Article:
European Commission analysis of the long-term renovation strategies


Following the Energy performance of buildings directive, EU member states have had to submit long-term renovation strategies (LTRS) to the European Commission.

This process has great importance because of the European Commission can use long-term renovation strategies implementation for each state to help infer what the member states cannot handle separately and therefore needs to be in the new EU legislation.

Only 19 of the EU member-states have so far drafted strategies: Austria, Belgium, Bulgaria, Cyprus, Croatia, Czech Republic, Denmark, Estonia, Finland, France, Germany, Ireland, Latvia, Luxembourg, the Netherlands, Romania, Slovakia, Spain and Sweden.

Civil servants from each state drafted the strategies with great care to conform formally to the Energy performance of buildings directive requirements for long-term renovation. However, details regarding budgets and milestones lack clarity across the board, and there is high variance in regards to costs.

Why building renovation is so important for the EU greenhouse gas targets

Buildings are indispensable for reaching the EU’s carbon neutrality, energy efficiency and renewable energy objectives. The building stock is the largest single energy consumer in Europe, accounting for 40% of the EU’s energy consumption and 36% of its GHG emissions. To achieve the net 55% emission reduction target by 2030 the EU should reduce buildings’ greenhouse gas emissions by 60%, their final energy consumption by 14% and energy consumption for heating and cooling by 18%.

For 75% of the EU’s existing building stock, energy performance is poor and the buildings were constructed before current energy requirements were in place. It is estimated that about 85-95% of today’s buildings will be in use by 2050. Today, only 11% of the EU’s existing building stock undergoes some level of renovation each year, and a focus on reducing energy consumption, modernizing technical building systems and installing renewables is lacking in most cases.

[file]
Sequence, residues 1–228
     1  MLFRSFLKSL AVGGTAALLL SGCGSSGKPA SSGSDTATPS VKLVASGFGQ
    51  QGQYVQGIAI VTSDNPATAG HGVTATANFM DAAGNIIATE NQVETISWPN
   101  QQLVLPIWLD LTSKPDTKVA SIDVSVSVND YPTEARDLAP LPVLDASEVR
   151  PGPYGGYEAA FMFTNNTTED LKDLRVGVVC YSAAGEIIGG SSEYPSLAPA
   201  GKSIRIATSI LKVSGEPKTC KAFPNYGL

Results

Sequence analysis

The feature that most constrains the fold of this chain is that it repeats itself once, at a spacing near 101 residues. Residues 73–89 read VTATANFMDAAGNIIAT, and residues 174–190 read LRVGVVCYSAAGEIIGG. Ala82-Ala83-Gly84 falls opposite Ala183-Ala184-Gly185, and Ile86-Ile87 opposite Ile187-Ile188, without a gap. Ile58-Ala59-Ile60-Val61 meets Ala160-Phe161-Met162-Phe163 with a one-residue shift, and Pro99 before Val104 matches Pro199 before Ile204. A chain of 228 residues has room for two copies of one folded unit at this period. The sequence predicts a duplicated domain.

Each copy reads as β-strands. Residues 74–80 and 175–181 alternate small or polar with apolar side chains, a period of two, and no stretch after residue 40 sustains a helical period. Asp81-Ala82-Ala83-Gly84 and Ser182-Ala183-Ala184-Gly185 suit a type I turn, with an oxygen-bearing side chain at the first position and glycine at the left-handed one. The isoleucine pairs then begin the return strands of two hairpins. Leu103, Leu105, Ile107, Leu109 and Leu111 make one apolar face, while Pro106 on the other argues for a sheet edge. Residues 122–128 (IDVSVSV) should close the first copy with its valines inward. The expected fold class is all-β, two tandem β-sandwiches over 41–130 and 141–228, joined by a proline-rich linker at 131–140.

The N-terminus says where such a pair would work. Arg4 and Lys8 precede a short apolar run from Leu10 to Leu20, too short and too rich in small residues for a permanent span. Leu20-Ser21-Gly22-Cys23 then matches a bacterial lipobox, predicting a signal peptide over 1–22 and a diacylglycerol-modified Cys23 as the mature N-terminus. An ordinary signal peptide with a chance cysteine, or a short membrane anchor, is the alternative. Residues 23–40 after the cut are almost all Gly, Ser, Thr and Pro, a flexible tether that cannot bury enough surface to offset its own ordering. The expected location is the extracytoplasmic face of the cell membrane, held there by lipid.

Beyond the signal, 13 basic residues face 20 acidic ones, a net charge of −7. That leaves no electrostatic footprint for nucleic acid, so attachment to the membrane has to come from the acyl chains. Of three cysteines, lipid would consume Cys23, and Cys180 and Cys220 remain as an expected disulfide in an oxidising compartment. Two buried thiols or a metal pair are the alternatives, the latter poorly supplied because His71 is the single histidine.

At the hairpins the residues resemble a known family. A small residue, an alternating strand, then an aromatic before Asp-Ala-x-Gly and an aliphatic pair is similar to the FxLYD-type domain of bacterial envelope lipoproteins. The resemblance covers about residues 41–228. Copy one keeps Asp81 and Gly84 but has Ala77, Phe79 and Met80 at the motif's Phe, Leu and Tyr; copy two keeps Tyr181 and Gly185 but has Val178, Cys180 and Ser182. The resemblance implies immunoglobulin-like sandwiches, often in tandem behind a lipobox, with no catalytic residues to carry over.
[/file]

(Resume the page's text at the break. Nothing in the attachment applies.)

However, very rarely, renovation works address buildings’ energy performance. The weighted annual energy renovation rate is low at some 1%. At this pace, cutting carbon emissions from buildings to net-zero would require centuries.

This is why the Commission adopted the ‘Renovation Wave for Europe’ initiative with the objective to at least double the annual energy renovation rate of residential and nonresidential buildings by 2030 and to foster deep energy renovations.

According to the impact assessment for the Climate Target Plan 2030, the residential sector would have to undergo the highest reduction in energy demand in heating and cooling, ranging between -19% to -23%, compared to 2015. The annual rate of replacement of heating equipment would have to reach around 4% in both the residential and services sector. During the same time period, the share of renewables and waste heat would have to increase to 38-42% to reach the objective.

Using public funding to leverage additional private-sector investment

So far, there are only a handful of good proposals for combining private and public funding for building renovation.

A couple of worthwhile mentions are Denmark’s ‘loan pool’ plan for renovation amounting to DKK 100 million per year and Romania’s plan to use € 600 million private sector funds for renovating municipal buildings (along with € 700 million of EU funds for municipal plus another EU € 300 million for central government building renovation)

Closing thoughts

While a handful of countries have been more proactive, such as Belgium, Denmark, France, Greece and the Netherlands introducing mandatory minimum energy performance levels, Long-term renovation strategies continue to be work-in-progress for most EU member-states, lacking clear goals and cohesion.

Given the mostly uncommitted pace for building renovation of EU member-states, we can expect the European Commission’s upcoming legislation to double-down on renovation and to inspire building modernization across the EU in the following years.